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July 22, 2024 5:46 am

Local News

Lawsuit Challenges Ryan Kelley’s Eligibility to Remain on the Ballot?

Credit: iStock

Armand Jackson

Ryan Kelley, a real estate agent and Republican primary candidate for governor, has a lawsuit filed in the Michigan Court of Appeals against him that claims he is not eligible to serve as governor for his role in the Jan. 6, Capitol insurrection. Retired attorney and Oakland County resident Lee Estes, argues in the suit that Kelley is ineligible to run for office under the 14th Amendment to the United States Constitution because he has “engaged in insurrection or rebellion” against the U.S. after previously taking an oath to uphold the Constitution. This refers to the oath Kelley swore when he was appointed as a planning commissioner in Allendale Township in 2019.

Kelley was arrested on June 9th, 2022 by federal agents and charged with four misdemeanors for his involvement in the insurrection which are, entering or remaining in a restricted building or grounds without lawful authority; disorderly and disruptive conduct; knowingly engaging in an act of physical violence against a person or property; and willfully injuring property, according to the criminal complaint. The charges together would carry fines of up to $400,000, and up to four years in prison. Kelley pleads ‘not guilty’ to the four charges and the case will continue and is unlikely to face trial on the criminal charges before the August 2nd primary.

Progress Michigan is the group that assisted with research and financial support for Lee Estes’ lawsuit against Kelley. The executive director Lonnie Scott stated “It’s simple, really. If you supported and participated in the January 6 insurrection, you should not have the privilege of holding – or even running – for public office, Whether it’s Ryan Kelley or anyone else that was illegally at the Capitol trying to overturn the will of the people, there needs to be accountability.”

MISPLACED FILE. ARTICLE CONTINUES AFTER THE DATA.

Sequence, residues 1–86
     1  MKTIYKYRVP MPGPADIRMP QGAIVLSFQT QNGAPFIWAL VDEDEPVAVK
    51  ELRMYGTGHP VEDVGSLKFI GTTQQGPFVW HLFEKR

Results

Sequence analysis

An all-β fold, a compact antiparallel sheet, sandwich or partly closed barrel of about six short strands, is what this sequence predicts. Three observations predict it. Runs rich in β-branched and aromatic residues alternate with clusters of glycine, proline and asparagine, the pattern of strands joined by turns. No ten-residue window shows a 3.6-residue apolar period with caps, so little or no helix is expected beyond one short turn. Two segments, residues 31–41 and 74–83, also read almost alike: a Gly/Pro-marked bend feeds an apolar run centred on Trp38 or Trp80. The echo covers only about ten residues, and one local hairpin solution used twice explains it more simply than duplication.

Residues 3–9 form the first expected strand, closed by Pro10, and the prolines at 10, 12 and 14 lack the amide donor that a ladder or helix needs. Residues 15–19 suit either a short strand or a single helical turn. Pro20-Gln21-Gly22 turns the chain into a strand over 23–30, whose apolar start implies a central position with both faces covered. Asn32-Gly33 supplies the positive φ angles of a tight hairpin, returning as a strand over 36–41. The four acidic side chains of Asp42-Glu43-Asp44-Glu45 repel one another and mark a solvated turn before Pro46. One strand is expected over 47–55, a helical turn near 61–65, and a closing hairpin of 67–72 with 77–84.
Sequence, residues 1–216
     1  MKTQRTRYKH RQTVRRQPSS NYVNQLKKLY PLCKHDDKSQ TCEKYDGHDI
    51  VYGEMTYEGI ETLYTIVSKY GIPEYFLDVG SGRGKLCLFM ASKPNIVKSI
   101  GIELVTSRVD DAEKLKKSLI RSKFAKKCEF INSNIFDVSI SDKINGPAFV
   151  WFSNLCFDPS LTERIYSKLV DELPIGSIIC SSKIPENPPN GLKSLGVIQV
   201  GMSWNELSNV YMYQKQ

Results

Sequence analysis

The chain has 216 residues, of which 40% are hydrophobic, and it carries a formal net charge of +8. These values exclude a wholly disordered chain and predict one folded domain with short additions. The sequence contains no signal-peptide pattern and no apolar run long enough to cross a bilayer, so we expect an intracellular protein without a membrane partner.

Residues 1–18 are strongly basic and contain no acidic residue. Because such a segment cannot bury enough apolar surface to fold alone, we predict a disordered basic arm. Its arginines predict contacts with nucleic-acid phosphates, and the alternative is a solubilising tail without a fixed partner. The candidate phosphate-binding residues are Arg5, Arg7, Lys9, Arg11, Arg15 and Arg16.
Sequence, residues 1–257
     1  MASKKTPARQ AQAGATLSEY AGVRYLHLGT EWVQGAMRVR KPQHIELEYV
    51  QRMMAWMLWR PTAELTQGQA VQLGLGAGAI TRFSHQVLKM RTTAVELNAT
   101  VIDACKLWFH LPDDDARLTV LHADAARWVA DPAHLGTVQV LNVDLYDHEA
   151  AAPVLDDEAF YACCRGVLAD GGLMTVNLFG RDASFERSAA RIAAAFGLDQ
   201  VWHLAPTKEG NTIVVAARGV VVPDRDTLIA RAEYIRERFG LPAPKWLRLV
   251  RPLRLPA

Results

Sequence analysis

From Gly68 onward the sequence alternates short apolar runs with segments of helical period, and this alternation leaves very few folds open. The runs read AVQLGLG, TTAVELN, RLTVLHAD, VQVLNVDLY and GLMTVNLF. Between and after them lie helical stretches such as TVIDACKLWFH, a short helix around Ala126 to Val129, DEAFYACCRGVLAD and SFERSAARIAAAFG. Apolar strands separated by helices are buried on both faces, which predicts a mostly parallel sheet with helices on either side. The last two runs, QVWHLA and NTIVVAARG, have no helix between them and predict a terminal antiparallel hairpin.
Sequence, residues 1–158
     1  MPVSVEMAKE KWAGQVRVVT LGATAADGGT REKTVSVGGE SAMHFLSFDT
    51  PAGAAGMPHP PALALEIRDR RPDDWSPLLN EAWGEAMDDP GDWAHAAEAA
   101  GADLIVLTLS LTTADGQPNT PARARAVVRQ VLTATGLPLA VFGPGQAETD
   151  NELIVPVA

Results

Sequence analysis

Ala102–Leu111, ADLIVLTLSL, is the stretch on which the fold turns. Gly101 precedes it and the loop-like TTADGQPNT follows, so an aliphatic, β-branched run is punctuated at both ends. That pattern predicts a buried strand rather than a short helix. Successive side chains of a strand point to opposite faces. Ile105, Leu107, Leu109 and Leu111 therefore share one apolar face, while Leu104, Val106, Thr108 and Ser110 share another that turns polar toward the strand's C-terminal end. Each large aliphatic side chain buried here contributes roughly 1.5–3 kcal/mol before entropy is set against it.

Kelley has continued to push the debunked narrative surrounding the 2020 presidential election and calls the investigation into January 6 as a “witch hunt” and claims federal authorities are trying to silence him. In an official press release response on his campaign site, he stated that the charges of his involvement in the insurrection are “laughable” and that the lawsuit against him is an attack by “the radical left” to silence him. 

Known for using inflammatory rhetoric, Kelley refers to the current governor’s administration as the “Whitmer crime family” referring to his accusations of Governor Gretchen Whitmer, Attorney General Dana Nessel and Secretary of State Jocelyn Benson allegedly committing felonies. He has on multiple occasions demanded these elected officials be arrested as well as put in prison. Among these allegations, he claims Governor Whitmer violated federal laws by implementing restrictions on gatherings to combat the COVID-19 pandemic. This rhetoric as well as news of his arrest seemed to gain him more recognition and support amongst far right conservative voters. 

There is a growing concern amongst those in the Michigan GOP about how his far right views will cause more fractures with conservative voters in the Republican party. Jason Watts, an Allegan Republican and political consultant, stated “the GOP would be left in a state of “paralysis” if Kelley wins the nomination.” Jason Roe, the former executive director of the Michigan Republican Party said “trying to be the most extreme candidate in a primary race is not a path to winning in November.” And former Michigan Chamber of Commerce CEO Rich Studley stated “Kelley seems to be among multiple candidates who are “angry” and “anti-government” while running for “the single most important position in state government.”